Picture: From the Sir Charles Grandiose Archives

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September 12, 1997

Picture: Melody Windover-MiddenAs we munch through the unleavened loaf that is Life, we tire of the taste. Who among one's readers (who, one has it upon a superb authority, are so numerous that were each a single drop of quick-drying glue, something could be done about the Prince of Wales' ears once and for all) has not wished for something sweet, for variety? And what, gentle readers, could be more sweet, more soothing, more gentle and lilting than a simple melody?

Quite a lot, as it turns out, if the simple melody in question is one's sister-in-law, simple Melody Windover-Midden. Taking one's words last week to heart, the Lady Felicia (always a kind and gentle soul) made great strides to heal the rift between herself and her sister. Lady Felicia, as fans of the Family Grandiose will remember, is unfortunately not an only child. Merely the eldest, brightest, best. Relations between the sisters have been somewhat strained over the years, owing to the obvious fact that Lady Felicia received the lion's share of charm, breeding, appearance, and intelligence, when those traits were being allocated in the heavens. The younger sister, being so sadly deficient in the good graces, grossly misread Lady Felicia's overtures, and took them to be an open invitation to make an extended visit to Blandsdown.

As a result, Blandsdown was thrown into chaos on Monday afternoon, when, during high tea, Melody arrived for a stay of indeterminate length. Accompanying her, to the horror of the servants, a mountain of luggage of a magnitude to sink the Queen Mary, and her two evil feline Siamese creatures, 'Ladypaws' and 'Singboy.'

Mealtimes at Blandsdown, once times of heady communion with one's spouse over the requisite seven courses, have become trials to be endured of late. Conversation centering upon topics of interest to families such as ours has been replaced by the annoying chatterings of a young woman who has never learned the Rules of Dinnertime Chat. Now, instead of being brought up to date on the social events of Fishampton, or on the growing chasm of standards developing between gentlefolk and the vast unwashed masses, one now must endure talk of a most base and uninteresting variety concerning Melody's cats. One will give an example from last evening.

Oneself: Please pass the salt cellar, Penelope.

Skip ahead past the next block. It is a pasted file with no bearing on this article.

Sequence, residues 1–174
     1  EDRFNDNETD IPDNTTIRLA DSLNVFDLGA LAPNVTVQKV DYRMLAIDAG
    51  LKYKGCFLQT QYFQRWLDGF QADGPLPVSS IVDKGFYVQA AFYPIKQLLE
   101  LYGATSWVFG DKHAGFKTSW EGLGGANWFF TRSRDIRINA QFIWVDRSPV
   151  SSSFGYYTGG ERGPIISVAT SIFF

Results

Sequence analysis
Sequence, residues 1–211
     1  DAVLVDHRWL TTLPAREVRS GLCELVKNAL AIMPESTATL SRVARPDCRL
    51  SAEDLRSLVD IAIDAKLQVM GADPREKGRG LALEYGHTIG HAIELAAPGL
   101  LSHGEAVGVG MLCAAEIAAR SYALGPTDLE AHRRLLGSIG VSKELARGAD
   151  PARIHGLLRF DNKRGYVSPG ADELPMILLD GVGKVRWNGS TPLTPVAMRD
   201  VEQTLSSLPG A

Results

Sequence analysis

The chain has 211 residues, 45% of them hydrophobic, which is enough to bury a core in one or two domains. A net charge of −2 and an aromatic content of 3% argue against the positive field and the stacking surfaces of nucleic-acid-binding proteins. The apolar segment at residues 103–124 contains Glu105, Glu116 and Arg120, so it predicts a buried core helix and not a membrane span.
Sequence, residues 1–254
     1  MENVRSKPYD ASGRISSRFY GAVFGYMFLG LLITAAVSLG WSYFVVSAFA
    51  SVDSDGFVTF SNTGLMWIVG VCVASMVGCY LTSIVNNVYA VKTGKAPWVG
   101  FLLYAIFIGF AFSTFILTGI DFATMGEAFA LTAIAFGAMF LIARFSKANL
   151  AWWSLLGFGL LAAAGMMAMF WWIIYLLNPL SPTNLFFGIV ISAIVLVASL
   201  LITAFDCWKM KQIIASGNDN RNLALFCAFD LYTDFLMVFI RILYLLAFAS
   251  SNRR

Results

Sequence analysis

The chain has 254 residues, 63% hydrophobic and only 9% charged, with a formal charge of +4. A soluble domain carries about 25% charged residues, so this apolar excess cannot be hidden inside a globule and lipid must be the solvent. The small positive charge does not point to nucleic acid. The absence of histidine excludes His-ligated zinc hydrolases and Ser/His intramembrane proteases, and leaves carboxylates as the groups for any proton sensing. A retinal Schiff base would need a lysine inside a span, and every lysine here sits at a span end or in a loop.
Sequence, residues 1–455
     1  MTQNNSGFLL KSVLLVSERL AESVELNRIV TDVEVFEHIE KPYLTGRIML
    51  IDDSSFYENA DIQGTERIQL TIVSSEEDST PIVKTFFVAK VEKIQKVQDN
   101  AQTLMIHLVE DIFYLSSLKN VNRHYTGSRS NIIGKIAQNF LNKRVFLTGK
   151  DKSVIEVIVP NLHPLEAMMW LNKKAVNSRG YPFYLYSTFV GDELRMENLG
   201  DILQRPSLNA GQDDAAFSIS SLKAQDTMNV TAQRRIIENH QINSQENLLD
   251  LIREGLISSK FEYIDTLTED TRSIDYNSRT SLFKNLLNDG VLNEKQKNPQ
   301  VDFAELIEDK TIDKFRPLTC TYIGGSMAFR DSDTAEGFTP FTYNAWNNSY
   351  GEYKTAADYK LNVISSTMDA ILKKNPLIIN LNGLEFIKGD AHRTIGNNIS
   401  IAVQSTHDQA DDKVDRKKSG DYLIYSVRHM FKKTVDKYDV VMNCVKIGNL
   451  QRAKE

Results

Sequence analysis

Young Penelope: Certainly, Pater.
The Lady Felicia: Such a shame about what is happening to the Fitzhughs, is it not?
Oneself: So they are to be forclosed on at last?
Melody: Who cares about forclosures when Sing-Sing has told me that there will be a great rift in the General Energy surrounding Fishampton!
The Lady Felicia: Yes, forclosed. I do hope that the tabloids don't get their teeth into the family until after they are able to get their heirlooms to safety in Scotland.
Oneself: Quite. Those common bankers wouldn't know a Gainsborough from a Marshall.
Young Penelope: Oh! Pheasant. My favourite.
Oneself: No vegetables with my serving, Meadows. Just meat.
The Lady Felicia: Are you reducing?
Melody: Paw-Paw told me last night that Chuck stepped on his tail in the Burgundy Study, and that he really should lose some weight. If Paw Paw hadn't been so quick, he'd have a broken tail thanks to Chuck!
The Lady Felicia: That's 'Charles', dear.
Oneself (sotto voce): Sir Charles.
Young Penelope: I need a new dressage pony, Pater. Lightning Bolt is getting tired.
Oneself: Certainly, darling. Have one ordered.
Melody: Miss Jezebel--that is, Sing Sing's psychic counselor--told me that Sing Sing and Paw Paw are having anxiety attacks because you haven't arranged your house with the good positive energies of feng shui.
Oneself: When Dim-Dim and Dum-Dum inherit an estate and title of their own, passed down countless generations to the present, they may do as they please. And one more word about either of the beasts, and one will schwing fi them through the garden windows with the heel of one's boot.

Of course, this only means that one has learned the hard way that if the Empire should ever need a sonic weapon of infinite power capable of making men's eardrums burst and bleed while buildings tumble from the vibration, they only need to make Melody Windover-Midden shriek.

Assured by the doctors that one's hearing will return in a fortnight, one remains for yet another week,
Sir Charles Grandiose

Amanda writes:

Picture: On A Clear Day, You Can See Fishampton Gosh Sir Charles.